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To feel connected to the person in the image you need to get in close without invading personal space the easiest way to do this is with a telephoto zoom.
It's always polite to ask when photographing someone, especially when your focus is their face. After all, you don't want them to suddenly turn around and scowl at you because they didn't know you were taking their picture.
To really pick out the details that make a portrait captivating blur your background and always, always make sure the eyes are in focus. To stop the portrait looking lifeless make sure there's a catch light in the eyes. A small burst of flash or having a light source behind the camera, facing the subject will help you do this.
Most people when they're asked if they can have their photo taken become quite self-conscious and will grin like the Cheshire cat until you've finished. To combat this, you need to talk to them and this is not only about what you're trying to achieve but also ask them, about their life, what they do etc. Keep this conversation going, giving them pointers and if it helps, compliments while you snap away. This will help them relax and soon they'll have forgotten about the lens they have pointing their way.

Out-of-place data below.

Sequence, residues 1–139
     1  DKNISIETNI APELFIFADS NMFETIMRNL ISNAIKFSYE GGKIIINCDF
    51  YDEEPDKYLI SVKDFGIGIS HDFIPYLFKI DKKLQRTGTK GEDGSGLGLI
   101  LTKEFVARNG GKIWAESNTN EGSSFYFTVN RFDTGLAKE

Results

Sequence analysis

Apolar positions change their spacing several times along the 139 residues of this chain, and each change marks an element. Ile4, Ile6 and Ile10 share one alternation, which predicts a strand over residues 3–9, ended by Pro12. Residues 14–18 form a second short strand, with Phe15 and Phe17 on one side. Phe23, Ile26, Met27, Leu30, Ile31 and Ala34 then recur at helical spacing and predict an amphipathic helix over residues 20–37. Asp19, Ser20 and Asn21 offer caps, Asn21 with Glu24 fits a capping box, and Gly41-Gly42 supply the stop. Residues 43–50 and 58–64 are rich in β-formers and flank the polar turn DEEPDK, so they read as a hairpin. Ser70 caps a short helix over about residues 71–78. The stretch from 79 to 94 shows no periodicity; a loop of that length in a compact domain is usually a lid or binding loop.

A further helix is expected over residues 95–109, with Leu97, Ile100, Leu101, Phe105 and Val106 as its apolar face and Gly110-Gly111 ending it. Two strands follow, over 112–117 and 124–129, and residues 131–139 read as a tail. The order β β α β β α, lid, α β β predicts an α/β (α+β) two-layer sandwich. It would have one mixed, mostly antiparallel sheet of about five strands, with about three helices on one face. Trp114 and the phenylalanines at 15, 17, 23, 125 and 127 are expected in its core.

If you can, position your subject at a 45 degree angle and get them to turn their head to camera as this is often more flattering than photographing them straight on. However, directing them to look away, down or up will convey a completely different tone in the image. A sombre expression on a face that's looking away from the camera can appear reflective while someone looking up or into the distance will have a sense of determination and strength.
Your subject always has to be the centre of attention so if you do want to use surrounding scenery make sure it compliments the portrait and isn't distracting. Back lighting the subject can help with this as you'll get a halo-like effect on your subject's hair and body which will help them stand out from your background. If you're using the sun as your back light you'll need to bounce light into the image to stop your subject appearing as a silhouette. To rectify this, bounce light onto your subject's face with a reflector or you could use fill-in flash but you'll need to make sure it's stopped down by two stops under the ambient exposure so your portrait still looks natural.
You've read the article, now go take some fantastic images. You can then upload the pictures, plus any advice and suggestions you have into the dedicated Photo Month forum for everyone at ePHOTOzine to enjoy.